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Energy and Environment Directorate
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Staff Accomplishments

Solidifying spent nuclear fuel sludge to help protect Columbia River

December 2004
Scientists at Pacific Northwest National Laboratory have successfully designed and tested a method to solidify the 6.3 cubic meters of the radioactive sludge in the North Loadout Pit of the K-East Basin, a leak-prone basin formerly used to store spent nuclear fuel rods, near the Columbia River. After PNNL's method to solidify the sludge is applied, the radioactive waste can be shipped to the Waste Isolation Pilot Plant, or WIPP, the world's first underground repository licensed to permanently dispose of transuranic waste from nuclear weapons production. Fluor Hanford, the contractor responsible for the K Basins, selected PNNL to characterize and design the treatment system "because we have made really strong technical contributions to sludge processing over the last several decades," said PNNL's Environmental Management Market Sector Manager Terry Walton. Characterizing the North Loadout Pit Sludge Starting in December 2003 in the Radiochemical Processing Laboratory, PNNL's scientists analyzed samples of the sludge provided by Fluor Hanford. The sludge consists of sand back-washed from filters in the basin's water treatment system along with uranium "rust" from the nuclear fuel rods, which were spent in powering N Reactor. Windblown sand, rust from structures in the basin, and ion exchange resin also added to the sludge layer. The radiochemical analyses revealed the concentration of the 17 isotopes in the sludge, including plutonium-241, strontium-90, and cesium-137. In addition, PNNL's scientists determined the sludge's density, water content, and other physical properties, including the amount and type of gases the material generates. These parameters were key to selecting a treatment option to meet regulators' requirements. Solidifying the Sludge Having characterized the sludge, the PNNL team evaluated several options for converting the sludge into a solid, eliminating drainable liquids. The WIPP does not accept waste with drainable liquids. Treatment options considered included
  • Granular, clay-based inorganic sorbent
  • Polymers
  • Portland cement and bentonite clay to form grout.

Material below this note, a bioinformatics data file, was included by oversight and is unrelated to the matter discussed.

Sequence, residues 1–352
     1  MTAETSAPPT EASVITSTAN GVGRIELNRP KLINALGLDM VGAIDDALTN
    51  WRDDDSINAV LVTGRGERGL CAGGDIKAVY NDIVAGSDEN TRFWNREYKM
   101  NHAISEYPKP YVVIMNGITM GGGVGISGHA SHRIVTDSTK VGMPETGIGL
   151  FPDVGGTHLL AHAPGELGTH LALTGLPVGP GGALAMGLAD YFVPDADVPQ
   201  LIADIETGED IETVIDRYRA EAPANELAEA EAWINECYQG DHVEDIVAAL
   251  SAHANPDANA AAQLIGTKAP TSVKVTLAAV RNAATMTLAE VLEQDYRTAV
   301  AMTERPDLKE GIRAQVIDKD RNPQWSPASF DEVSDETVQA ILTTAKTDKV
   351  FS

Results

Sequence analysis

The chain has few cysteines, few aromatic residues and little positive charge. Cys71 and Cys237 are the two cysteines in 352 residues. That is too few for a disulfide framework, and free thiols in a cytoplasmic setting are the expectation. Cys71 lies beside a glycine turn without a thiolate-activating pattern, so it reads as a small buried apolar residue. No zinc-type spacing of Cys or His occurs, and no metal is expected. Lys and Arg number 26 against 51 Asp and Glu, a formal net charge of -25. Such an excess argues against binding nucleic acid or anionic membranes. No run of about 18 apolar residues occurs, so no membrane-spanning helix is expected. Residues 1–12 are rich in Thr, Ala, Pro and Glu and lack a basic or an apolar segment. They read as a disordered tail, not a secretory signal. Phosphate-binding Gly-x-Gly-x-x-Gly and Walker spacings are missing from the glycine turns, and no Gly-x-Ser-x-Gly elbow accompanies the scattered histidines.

With PNNL's technical recommendations, Fluor Hanford factored in cost effectiveness, safety factors, and the waste acceptance criteria for the WIPP. Fluor Hanford decided to grout the waste in 55-gallon drums. The drums would then be accepted as contact-handled transuranic waste at the WIPP. With this decision, PNNL designed and tested the grouting system. The process, which will be conducted by Fluor Hanford, begins when the sludge is trucked from the K East Basin to T Plant, a large building with heavily shielded cells in Hanford's 200 West Area. The sludge is then transferred into a buffer tank in three to five 500-liter batches. Once in the buffer tank, 500 liters of water is added, and the mixture is stirred. Then, 10 to 15 liters of the mixture is pumped into a 55-gallon drum. Exact amounts of Portland cement and bentonite clay are stirred into the drum. The cement hardens, the drums are sealed, and final inspections and paperwork completed. The drums are then shipped to the WIPP, near Carlsbad, New Mexico. Innovative Solutions to Grout System Design The biggest challenge from a technical standpoint was to come up with a system that maximized the amount of sludge solidified in each drum while producing drums that meet the requirements for disposal at WIPP. "If you put too much sludge in a drum, it will exceed the WIPP limits for contact-handled waste and would have to be packaged and transported by much more expensive methods. On the other hand, if you put too little sludge in a drum, it becomes low-level waste and can't be sent to WIPP," said Project Manager George Mellinger. To determine, the correct amount of sludge to solidify in each drum the PNNL team added a gamma monitor to the buffer tank's recirculation loop. By adding this monitor, the team found a simple and elegant way to determine the amount of sludge for each barrel. During startup of the grout system, they will work with Fluor Hanford to determine the correlation between the monitor's readings and the surface dose rate of barrels of grouted sludge. This correlation will then be used to determine the amount of sludge to be added to each barrel. The Future Fluor Hanford plans to install the grout system in T Plant. PNNL staff will be part of the review team for the final installation. The Laboratory will also help with startup of the grout system, including development of the correlations needed for the gamma monitor. As a result of the Fluor Hanford/PNNL collaboration, Fluor Hanford will immobilize the 6.3 cubic meters of North Loadout Pit sludge some 30 years earlier than originally scheduled. This immobilization effort could be an important demonstration of the treatment for other sludges. In addition, it will help protect the Columbia River by removing waste from these leak-prone basins that sit about a quarter of a mile from the river. Contact: Wally Weimer, Process and Measurement Technology Product Line Manager,

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